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Arsenal’s sale of Benik Afobe shows distrust in homegrown players

[dropcap]A[/dropcap]rsenal fans will be delighted with how their side have performed in the second half of this season, with the Gunners having the opportunity to finish second in the Premier League and potentially retain the FA Cup.

Ahead of next season, one or two players of top quality will surely be added in the summer by Arsène Wenger to provide further strength in depth and have the North London club fighting for the title.

Arsenal have a sizeable squad with international quality throughout, with a core group of English players in Wenger’s contingent.

There are seven Englishmen in the current 28-man squad, all of which have been capped by The Three Lions except young defender Isaac Hayden.

Arsenal’s squad is similar to many other Premier League teams; full of talent from all over the world but lacking in homegrown stars and particularly youth-team graduates.

Although Jack Wilshere remains at the Emirates Stadium and the likes of Chuba Akpom, Ainsley Maitland-Niles and a couple of others potentially have the ability to become first-team members, the lack of young Englishman typifies a growing trend in the game.

With global scouting networks and little patience afforded to managers, it is only natural that ready-made foreign superstars are selected over blooding a homegrown youngster with potential.

The example of Benik Afobe is testament to the growing trend of the big teams parting company with gifted young players before giving them a chance to prove their worth at the highest level.

The 22-year-old striker had been on the Gunners’ books for 14 years when they offloaded him to Wolves in January, with the attacker leaving before he was give a chance to play a single Premier League game.

Afobe has been a player on the radar for some time, with hatfuls of goals at Arsenal youth levels leading to Gunners fans raving over the potential for a top-class striker being promoted to the first team.

These hot streaks were replicated at a national level, with the rangy forward scoring consistently at England under-16, 17 and 19 level, before being elevated to the under-21 side.

After signing a professional contract with the Emirates Stadium outfit in 2010, Afobe was farmed out to various Football League sides to give him experience of the senior game.

Benik AfobeSpells at Huddersfield, Reading, Bolton, Millwall and Sheffield Wednesday all gave the youngster a chance to play, but the breathtaking goalscoring feats he displayed in junior football were not replicated.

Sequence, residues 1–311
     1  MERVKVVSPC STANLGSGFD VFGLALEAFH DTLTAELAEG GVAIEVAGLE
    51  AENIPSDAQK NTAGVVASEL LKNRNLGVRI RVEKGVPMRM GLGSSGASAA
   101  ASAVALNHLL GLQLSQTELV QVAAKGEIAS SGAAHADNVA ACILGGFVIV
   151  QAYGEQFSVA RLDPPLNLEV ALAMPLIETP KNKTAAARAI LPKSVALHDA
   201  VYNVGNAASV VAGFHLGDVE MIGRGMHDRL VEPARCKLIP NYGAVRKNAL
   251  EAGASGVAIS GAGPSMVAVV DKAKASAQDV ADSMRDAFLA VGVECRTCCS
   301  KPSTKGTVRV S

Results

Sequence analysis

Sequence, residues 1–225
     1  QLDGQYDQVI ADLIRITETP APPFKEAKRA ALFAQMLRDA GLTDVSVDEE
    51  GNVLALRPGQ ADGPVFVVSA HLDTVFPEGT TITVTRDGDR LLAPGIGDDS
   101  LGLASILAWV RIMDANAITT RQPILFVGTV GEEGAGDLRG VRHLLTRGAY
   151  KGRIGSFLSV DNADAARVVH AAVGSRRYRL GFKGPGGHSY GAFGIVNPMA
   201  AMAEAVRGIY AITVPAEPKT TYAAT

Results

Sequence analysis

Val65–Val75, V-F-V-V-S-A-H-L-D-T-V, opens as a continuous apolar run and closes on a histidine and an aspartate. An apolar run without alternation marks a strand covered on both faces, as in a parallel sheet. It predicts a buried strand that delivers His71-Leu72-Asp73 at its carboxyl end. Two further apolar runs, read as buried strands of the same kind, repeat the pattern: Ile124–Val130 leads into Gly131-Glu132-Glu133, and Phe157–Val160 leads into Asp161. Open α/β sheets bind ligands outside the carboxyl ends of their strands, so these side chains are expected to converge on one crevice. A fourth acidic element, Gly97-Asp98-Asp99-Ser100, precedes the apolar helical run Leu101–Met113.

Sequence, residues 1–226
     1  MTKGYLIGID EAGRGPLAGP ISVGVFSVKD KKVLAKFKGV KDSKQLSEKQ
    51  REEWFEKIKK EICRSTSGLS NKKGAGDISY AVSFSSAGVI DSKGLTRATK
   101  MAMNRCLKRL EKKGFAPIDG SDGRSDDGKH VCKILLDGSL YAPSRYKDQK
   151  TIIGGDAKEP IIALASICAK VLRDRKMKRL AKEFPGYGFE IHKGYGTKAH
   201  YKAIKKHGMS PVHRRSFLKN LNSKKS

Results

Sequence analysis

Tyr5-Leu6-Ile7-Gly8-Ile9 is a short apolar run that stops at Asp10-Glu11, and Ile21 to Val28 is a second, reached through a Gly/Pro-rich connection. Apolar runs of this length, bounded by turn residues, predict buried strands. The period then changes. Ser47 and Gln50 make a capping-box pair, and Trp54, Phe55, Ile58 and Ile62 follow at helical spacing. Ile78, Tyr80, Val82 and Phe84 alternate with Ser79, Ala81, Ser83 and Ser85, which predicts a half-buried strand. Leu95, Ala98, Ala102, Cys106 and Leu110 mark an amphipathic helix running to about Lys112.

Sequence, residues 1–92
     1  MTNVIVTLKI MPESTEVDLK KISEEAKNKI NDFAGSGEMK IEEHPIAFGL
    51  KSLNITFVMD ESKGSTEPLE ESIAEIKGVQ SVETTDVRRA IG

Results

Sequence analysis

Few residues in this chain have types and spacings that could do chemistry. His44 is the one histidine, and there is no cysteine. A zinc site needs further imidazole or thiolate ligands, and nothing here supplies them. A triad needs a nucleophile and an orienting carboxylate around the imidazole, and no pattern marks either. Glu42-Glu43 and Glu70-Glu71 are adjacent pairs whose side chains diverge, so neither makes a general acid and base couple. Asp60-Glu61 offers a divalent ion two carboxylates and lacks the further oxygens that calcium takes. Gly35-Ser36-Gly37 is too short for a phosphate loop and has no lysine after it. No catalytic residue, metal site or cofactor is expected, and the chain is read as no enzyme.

However, this season Afobe has been a revelation and showed exactly why he has been so highly rated in the past.

The first half of the campaign was spent on loan with League One side MK Dons, where the attacker slotted a cool 19 goals in all competitions.

Arsenal made the choice to sell their youth graduate in the January window, with Afobe joining Championship side Wolves for a modest £2 million fee and continuing his goalscoring prolificacy.

Thirteen goals in 20 outings for the Molineux outfit in the second tier fired Kenny Jackett’s men within a whisker of the play-offs and have reconfirmed Afobe as one of English football’s brightest young talents.

Talk of a Premier League return have been touted in the press already, while Gunners fans will be scratching their heads to just why Afobe was firstly allowed to leave and for such an affordable figure.

Given the stellar success of Harry Kane on the other side of the North London divide, Arsenal could well be guilty of an oversight in their willingness to part company with Afobe.

Looking at Wenger’s first-team striking options, Olivier Giroud and Danny Welbeck are likely to keep someone like Akpom on the fringes.

However, is Yaya Sanogo’s presence in the Gunners first-team squad more warranted than keeping Afobe would have been?

Unfortunately in the modern game, youngsters that develop through their respective youth academies are faced with daunting tasks in breaking into Premier League contention.

The likes of Patrick Bamford, James Wilson and countless others will face the same unenviable task at other top Premier League teams.

As such, as has happened with Afobe, taking one step back to take two forward seems like it will continue to be commonplace for potential future England internationals.

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